The Difference Between Eye Care Professionals


Sabrina Charrier, O.D., F.A.A.O.


I get asked all the time about the difference between optometrists and ophthalmologists. I’m going to discuss the differences between some eye care professionals you may get confused about. 



Opticians are professional technicians that fill your eyeglasses prescriptions. They take care of all your glasses needs including assisting with frame selection, grinding lenses for the glasses, and adjust the fit of glasses to your face. Opticians do not prescribe glasses nor give eye exams. They do not require a degree or extensive training. Many have on the job training and can have further certifications through the American Board of Opticianry (ABO). 



This is the one that is near and dear to my heart (because this is what I am). Optometrists are your primary care specialists of the eye. They receive a Doctorate of Optometry, an O.D.  This means they have completed 8 years of school including an undergraduate degree and doctorate degree. For four years in post-graduate work, optometrists concentrate on pathology, optics, and pharmacology of the eye as well as full-time clinical training. They have the option of completing a 1-2 year residency after graduating from optometry school. Optometrists diagnose, treat, and manage all diseases of the eye as well as are experts in prescribing glasses and contact lenses. Optometrists and ophthalmologists treat and manage eye diseases the same way except optometrists do not perform surgeries. In certain situations, optometrists will refer to ophthalmologists for major surgeries. Depending on the state, optometrists can perform minor procedures including foreign body removal, laser eye surgeries, and certain surgical interventions. Optometrists can specialize in different areas of the field including family eye care, cornea and contact lenses, low vision, pediatric, glaucoma, refractive technologies, vision therapy, academia, retinal pathologies, and other areas.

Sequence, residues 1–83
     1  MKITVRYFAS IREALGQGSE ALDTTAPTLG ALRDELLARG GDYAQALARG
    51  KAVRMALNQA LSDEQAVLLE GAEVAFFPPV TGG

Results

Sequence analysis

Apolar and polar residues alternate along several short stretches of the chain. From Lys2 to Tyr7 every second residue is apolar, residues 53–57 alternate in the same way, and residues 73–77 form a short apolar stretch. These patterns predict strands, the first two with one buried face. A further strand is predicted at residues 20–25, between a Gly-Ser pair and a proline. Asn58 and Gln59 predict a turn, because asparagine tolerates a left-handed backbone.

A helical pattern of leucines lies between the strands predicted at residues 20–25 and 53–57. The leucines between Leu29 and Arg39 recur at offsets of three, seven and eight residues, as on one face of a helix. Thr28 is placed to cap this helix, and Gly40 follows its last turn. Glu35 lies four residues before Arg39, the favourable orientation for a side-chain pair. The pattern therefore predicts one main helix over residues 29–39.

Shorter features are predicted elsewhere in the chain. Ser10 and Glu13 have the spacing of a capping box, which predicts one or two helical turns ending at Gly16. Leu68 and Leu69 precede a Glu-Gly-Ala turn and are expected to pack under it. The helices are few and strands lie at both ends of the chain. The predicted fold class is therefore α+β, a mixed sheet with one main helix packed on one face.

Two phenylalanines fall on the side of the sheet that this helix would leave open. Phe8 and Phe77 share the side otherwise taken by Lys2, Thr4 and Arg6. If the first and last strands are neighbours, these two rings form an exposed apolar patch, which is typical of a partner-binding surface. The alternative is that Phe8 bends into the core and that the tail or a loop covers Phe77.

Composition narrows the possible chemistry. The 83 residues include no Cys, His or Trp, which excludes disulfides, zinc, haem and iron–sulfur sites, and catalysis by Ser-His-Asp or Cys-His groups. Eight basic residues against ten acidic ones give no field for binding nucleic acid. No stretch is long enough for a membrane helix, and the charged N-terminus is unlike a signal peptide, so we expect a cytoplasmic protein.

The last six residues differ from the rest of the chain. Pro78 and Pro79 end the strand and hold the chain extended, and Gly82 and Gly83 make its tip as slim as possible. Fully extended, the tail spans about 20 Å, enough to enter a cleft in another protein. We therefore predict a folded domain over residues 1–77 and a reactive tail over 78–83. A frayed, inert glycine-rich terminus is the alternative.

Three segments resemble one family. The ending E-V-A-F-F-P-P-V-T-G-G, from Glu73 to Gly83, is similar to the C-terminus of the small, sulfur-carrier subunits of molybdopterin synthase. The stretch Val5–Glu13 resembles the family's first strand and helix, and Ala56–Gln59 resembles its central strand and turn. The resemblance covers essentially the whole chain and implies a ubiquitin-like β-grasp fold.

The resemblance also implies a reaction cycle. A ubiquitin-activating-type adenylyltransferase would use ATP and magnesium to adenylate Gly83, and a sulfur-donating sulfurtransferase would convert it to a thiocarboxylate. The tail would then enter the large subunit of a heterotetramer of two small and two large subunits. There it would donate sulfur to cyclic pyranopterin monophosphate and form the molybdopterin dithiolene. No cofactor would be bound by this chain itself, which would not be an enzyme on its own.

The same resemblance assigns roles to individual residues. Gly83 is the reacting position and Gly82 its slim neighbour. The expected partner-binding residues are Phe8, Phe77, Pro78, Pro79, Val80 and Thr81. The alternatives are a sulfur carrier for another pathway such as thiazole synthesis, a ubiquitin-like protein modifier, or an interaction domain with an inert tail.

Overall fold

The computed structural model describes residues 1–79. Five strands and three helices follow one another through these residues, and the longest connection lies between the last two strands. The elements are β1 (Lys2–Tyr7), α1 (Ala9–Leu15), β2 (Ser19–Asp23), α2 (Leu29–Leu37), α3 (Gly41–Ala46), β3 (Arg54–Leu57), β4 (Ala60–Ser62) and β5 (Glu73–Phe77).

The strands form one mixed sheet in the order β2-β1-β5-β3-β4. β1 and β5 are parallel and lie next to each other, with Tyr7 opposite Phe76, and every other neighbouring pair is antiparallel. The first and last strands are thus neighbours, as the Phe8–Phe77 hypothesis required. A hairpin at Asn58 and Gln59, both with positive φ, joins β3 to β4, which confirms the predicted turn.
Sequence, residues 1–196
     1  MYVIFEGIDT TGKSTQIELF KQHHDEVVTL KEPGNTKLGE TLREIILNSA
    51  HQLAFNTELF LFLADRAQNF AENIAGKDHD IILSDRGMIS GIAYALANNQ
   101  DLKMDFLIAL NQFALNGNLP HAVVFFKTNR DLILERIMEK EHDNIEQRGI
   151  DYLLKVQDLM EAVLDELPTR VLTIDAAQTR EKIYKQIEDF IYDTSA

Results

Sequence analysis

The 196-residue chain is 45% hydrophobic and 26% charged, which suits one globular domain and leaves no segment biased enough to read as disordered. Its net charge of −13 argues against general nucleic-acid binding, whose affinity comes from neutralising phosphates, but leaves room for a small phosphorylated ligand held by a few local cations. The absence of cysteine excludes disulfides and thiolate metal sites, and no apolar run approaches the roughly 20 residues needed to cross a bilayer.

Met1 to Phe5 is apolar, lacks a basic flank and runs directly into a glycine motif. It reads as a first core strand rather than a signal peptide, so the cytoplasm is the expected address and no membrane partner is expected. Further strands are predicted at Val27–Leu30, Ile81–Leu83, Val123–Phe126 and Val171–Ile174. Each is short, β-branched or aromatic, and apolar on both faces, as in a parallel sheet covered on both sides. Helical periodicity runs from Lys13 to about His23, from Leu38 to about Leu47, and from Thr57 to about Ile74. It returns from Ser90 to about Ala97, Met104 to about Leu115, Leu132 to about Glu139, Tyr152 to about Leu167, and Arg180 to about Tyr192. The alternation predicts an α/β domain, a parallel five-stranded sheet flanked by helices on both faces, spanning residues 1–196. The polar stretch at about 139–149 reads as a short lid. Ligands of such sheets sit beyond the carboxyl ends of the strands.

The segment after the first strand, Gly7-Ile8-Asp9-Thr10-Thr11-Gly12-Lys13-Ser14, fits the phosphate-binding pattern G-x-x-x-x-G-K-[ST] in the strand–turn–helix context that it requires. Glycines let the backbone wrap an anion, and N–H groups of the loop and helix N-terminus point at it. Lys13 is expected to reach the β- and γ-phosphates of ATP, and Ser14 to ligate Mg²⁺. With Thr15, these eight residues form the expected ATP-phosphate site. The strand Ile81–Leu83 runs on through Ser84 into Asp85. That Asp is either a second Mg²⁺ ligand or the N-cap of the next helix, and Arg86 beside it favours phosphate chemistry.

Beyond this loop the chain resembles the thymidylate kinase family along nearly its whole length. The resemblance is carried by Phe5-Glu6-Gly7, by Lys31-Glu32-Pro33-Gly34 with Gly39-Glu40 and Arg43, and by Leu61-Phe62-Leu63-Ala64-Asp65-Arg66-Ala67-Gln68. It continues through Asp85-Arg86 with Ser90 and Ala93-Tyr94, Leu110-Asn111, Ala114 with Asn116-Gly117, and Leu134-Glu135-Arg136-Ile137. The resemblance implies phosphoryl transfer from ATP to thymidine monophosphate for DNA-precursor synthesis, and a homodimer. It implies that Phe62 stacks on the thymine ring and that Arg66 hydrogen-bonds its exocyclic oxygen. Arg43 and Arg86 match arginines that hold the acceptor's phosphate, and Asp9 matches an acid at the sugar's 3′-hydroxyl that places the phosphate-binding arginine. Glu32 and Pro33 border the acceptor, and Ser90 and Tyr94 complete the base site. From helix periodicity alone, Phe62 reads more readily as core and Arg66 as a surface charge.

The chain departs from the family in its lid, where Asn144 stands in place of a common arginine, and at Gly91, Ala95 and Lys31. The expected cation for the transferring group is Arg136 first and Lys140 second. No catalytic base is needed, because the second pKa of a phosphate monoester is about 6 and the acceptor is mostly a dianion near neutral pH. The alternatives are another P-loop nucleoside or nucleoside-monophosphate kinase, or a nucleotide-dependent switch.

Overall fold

An ophthalmologist is a medical doctor that is trained on eye surgeries. This means they have completed an undergraduate degree, medical school (an M.D.), and a residency. In medical school they spend four years learning how to be a medical doctor to treat the body and in their residency they learn specifically about the eyes. They can diagnose and treat, including surgery, eye diseases. They can prescribe glasses and contact lenses as well, although this is often done by their ancillary staff and given final approval with the doctor. Ophthalmologists can specialize by completing a fellowship in areas such as cornea, retina, glaucoma, pediatrics, neuro-ophthalmology, refractive technologies, oculo-plastic surgery, as well as other areas. 


Your eye care is so important and all three areas work together as a team to take care of your eyes.  The appropriate person for you to see depends on your needs. If you ever have any questions, however, we are available to help you at St. Hope.